On a bad day
On a bad day of picking up litter, I am not conspicuous enough. Far from taking special notice of my activity, people barely even notice my existence. As I stand waiting at a crosswalk, an unbroken chain of cars zips around the right turn through the duration of my “Walk Now” light, forcing me to wait for the next signal. A mile later, I am tending to a druggie parking lot when an SUV driven by one of the regulars comes barreling in at full speed, missing me by a couple feet and seemingly not even beginning to decelerate until it screeches into a spot 50 feet away.
On a bad day, the messes are extravagant. I cannot excuse them as “Well, maybe someone dropped that without noticing.” Entire fast food meals are dumped and smeared across expanses of sidewalk. Someone has thrown five pumpkins off the top of a parking garage. I go to lift a stack of wet paper towels off the pavement and, as it finally peels up, I immediately smell poop.
On a bad day, none of the people who smile and say “thanks” are out. Everyone I encounter is in the throes of some mental health crisis, yelling obscenities for no clear reason. I avert my eyes and give them a wide berth, hoping to escape their angry attention.
On a bad day, the whole thing feels like a slog.
And on a bad day, just like on a good day, I carry out 13 or 26 gallons of trash that used to be on the ground but isn’t anymore. That has to be the payoff, because that’s the only part I definitely know will happen. I can’t count on only having good days.
What cars do is collapse time. From here to the end of the street is eight seconds, give or take, with houses whizzing past and people, including that odd guy who’s trying to cross at the corner, barely even registering as blips on your glass screen. As long as you don’t hit any of the blips, your insurance premium will not rise and you’ll arrive at your destination (which is not here) on time.
Walking, by contrast, expands time. From here to the end of the street is two minutes if you hurry, four if you lollygag. Either way, you feel like you’re here. Business signs can be read all the way down to the small print. Houses stand out from other houses as individual personalities. Conversations of passersby can be overheard, and the ambient noise of this particular place can be appreciated. I notice much more of my environment when walking through it.
Picking up litter expands time even further. Ordinary walkers seem to fly past, undetained by the sight of a mere Skittles wrapper or Q-tip. From here to the end of the street could take 40 minutes if I really hunt down every cigarette butt and scrap of food wrapper in every sidewalk crack and sewer grate. Usually, I don’t get so granular. I catch what I can, walking at half speed and aiming for the biggest stuff, and circle back for more on later walks. Sometimes, I knowingly leave things behind just to see if they will still be in those same exact spots a week from now. If they’re still there, I win the prize of knowing that I was the only one who slowed down enough to notice them. Then I pick them up.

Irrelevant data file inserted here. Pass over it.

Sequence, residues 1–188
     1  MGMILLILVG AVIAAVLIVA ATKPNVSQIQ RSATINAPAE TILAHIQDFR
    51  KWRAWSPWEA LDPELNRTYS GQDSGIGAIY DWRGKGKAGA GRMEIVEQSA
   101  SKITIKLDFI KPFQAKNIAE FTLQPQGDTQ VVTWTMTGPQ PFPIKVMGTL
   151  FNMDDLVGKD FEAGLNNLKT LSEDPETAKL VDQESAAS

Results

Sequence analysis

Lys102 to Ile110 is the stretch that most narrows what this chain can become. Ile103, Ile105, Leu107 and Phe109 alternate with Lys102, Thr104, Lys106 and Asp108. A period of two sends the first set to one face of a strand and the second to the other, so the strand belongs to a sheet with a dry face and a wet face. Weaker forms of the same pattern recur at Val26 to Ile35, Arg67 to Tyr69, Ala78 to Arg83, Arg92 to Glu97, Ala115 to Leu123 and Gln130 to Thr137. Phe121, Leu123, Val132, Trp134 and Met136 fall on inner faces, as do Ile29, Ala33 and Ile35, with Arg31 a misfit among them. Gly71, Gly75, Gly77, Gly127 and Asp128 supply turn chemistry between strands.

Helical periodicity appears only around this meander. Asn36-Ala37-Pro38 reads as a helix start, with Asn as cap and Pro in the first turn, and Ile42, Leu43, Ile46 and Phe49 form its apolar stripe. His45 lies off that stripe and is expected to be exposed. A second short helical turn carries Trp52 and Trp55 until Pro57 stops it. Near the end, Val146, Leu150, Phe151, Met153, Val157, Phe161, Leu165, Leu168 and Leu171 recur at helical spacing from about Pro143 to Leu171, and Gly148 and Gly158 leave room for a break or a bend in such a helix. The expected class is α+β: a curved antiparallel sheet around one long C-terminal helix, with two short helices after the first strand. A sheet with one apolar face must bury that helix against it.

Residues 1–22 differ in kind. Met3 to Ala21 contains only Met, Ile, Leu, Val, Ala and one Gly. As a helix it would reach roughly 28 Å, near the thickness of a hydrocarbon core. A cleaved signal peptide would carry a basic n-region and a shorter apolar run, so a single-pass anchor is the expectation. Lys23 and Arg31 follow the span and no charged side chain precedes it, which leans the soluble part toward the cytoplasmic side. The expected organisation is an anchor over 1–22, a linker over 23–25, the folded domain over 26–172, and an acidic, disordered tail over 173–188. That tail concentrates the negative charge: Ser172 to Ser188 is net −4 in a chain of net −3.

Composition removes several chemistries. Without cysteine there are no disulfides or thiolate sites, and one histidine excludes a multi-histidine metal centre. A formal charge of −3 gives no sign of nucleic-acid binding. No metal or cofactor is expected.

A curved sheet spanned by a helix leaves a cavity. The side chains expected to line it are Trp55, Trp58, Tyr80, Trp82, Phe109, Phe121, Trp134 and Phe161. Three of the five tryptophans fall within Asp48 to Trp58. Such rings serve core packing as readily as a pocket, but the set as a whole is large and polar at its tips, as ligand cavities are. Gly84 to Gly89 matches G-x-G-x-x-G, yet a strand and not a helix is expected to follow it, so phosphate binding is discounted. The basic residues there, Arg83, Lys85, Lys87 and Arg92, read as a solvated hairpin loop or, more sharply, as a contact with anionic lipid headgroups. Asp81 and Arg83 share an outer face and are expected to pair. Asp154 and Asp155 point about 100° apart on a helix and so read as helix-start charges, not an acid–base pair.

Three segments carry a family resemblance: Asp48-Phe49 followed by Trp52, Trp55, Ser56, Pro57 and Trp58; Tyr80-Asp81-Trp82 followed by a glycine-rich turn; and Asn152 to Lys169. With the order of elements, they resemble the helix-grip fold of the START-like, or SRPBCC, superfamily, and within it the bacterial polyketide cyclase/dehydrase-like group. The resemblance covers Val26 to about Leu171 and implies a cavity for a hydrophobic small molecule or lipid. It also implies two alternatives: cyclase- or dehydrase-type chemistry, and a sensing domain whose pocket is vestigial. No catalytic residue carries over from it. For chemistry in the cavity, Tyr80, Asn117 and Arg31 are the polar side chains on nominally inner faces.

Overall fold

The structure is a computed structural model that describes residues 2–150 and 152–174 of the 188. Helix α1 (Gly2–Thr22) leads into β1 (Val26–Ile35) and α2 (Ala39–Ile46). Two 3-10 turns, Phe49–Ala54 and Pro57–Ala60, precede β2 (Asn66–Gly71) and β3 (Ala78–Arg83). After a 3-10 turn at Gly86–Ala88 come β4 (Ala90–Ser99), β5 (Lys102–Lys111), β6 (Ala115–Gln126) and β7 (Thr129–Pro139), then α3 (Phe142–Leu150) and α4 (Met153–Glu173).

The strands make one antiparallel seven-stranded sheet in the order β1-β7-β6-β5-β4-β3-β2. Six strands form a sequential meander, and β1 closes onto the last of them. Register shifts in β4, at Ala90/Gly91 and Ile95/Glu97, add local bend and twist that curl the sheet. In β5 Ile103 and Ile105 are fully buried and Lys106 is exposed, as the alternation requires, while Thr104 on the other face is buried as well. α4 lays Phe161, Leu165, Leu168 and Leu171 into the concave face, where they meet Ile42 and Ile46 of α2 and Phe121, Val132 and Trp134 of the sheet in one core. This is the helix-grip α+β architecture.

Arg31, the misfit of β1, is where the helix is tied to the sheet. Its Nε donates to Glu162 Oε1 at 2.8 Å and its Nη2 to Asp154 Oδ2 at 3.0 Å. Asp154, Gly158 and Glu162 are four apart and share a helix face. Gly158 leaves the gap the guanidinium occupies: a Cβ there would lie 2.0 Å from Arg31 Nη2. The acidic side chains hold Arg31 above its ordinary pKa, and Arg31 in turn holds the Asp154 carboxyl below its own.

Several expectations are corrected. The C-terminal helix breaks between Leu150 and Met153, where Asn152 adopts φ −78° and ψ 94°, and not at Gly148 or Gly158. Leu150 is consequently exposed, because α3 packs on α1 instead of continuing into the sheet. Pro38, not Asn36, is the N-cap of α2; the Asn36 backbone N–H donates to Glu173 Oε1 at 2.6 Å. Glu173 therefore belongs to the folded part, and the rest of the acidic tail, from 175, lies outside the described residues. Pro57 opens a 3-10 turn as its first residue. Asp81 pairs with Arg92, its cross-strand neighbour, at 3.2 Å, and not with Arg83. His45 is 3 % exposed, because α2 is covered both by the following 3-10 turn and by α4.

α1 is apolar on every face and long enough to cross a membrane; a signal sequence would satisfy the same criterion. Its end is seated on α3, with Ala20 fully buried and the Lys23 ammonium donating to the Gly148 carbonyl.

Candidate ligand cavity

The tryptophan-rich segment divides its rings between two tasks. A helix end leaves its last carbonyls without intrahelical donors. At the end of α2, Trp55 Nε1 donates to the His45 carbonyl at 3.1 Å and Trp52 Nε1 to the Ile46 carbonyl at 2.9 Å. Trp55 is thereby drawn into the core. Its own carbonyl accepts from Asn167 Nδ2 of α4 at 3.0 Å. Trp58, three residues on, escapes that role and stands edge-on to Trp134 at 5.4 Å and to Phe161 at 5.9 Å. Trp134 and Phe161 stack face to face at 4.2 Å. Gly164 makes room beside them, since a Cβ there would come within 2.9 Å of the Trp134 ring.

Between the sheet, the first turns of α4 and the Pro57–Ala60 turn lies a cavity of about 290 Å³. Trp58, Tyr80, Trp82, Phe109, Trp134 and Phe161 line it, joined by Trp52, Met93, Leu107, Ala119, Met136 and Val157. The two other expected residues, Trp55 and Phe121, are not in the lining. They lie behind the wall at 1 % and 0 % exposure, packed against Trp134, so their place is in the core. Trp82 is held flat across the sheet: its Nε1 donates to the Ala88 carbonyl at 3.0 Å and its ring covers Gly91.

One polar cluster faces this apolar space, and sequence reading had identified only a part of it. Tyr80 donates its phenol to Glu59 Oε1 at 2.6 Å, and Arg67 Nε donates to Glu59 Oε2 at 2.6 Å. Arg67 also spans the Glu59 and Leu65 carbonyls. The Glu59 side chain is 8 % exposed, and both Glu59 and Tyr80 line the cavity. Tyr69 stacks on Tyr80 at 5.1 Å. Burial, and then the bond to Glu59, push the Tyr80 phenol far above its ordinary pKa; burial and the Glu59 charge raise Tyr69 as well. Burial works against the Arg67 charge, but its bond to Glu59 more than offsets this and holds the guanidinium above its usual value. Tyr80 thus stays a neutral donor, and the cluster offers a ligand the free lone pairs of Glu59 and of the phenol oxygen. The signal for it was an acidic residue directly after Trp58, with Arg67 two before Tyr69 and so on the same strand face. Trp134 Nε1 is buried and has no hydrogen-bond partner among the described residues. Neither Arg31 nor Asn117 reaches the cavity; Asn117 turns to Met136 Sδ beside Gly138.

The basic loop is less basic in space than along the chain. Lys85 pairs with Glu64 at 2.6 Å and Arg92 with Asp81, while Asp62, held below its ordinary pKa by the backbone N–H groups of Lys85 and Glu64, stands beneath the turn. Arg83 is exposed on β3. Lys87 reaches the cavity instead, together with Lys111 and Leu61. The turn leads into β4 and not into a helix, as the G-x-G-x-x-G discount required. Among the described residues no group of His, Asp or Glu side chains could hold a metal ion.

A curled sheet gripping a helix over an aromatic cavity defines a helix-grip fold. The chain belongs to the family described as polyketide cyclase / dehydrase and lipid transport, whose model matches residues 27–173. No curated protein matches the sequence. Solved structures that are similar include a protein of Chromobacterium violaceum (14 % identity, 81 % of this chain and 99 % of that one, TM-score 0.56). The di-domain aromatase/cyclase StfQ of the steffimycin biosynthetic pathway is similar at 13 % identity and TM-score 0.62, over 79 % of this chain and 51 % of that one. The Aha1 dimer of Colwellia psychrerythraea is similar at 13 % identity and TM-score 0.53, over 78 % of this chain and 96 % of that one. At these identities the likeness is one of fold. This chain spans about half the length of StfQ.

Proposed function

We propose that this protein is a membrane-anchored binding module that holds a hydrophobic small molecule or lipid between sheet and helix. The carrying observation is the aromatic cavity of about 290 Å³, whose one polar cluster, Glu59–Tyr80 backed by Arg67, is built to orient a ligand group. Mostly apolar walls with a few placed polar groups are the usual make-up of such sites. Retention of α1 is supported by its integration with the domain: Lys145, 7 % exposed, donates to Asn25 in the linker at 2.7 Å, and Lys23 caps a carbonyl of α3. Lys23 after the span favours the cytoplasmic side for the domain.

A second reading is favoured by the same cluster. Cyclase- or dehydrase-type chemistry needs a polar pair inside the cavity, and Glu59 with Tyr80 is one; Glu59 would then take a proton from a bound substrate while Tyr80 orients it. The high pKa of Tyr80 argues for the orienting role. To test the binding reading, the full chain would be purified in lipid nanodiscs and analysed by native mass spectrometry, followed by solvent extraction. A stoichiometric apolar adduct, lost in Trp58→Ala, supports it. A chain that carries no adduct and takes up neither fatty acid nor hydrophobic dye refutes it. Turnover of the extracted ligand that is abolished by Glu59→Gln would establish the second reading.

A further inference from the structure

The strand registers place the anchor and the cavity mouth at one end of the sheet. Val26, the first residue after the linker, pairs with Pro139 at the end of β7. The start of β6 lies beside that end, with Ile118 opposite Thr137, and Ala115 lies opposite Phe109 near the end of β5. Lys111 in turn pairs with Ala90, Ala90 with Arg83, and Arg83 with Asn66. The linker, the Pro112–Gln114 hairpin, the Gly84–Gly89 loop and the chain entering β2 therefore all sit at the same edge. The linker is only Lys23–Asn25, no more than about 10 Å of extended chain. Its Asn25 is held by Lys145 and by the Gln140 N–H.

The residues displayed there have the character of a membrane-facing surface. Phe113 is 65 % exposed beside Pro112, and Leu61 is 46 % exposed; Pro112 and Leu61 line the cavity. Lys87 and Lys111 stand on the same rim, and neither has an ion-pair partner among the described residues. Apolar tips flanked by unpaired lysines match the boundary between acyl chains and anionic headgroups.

If a horse-and-buggy man in a horse-and-buggy realm living at a horse-and-buggy pace saw a NASCAR come tearing down the street, his response would not be “What an important person to be traveling at such speed!” or “How much more could I accomplish if I had one of those!” Instead, he would probably think “What a very strange, reckless person.”
This is the experience of seeing a car, traveling at 45 miles per hour, blasting its horn at another car, for the offense of traveling at only 38 miles per hour, when you are on litter-picking time and have been tending to the same stretch of sidewalk for the last 20 minutes. The pace of life in those other realms seems absurd. Why so rushed?
Seating for 14
A sudden need to liberate garage space has our living room crowded with 14 more chairs than are strictly necessary, given the number of residents and the tendency of each to use no more than one chair at a time. Despite our technical capacity, it would be overstimulating to host 14 visitors at once in this space. But it could be fun to have just one of you come over and rotate between 14 different seats. Inquire within if interested.
For my fellow (or former) Californians, have you searched your name and the names of your loved ones in the unclaimed property database at the State Controller’s Office?
Basically, by law, banks, insurance companies, corporations, etc., deposit property with the state when accounts go inactive or they lose contact with account owners. “Property” includes bank accounts, stocks, bonds, uncashed checks, insurance benefits, wages, and safe deposit box contents.
I am certain that some of you have funds just sitting with the state that you could claim. (And by “certain,” I mean that I already checked.) Take a look. You may be surprised.
If you have an investigative streak, you can also look up famous people in the state and see what relatively consequential amounts of money they’ve forgotten in various places.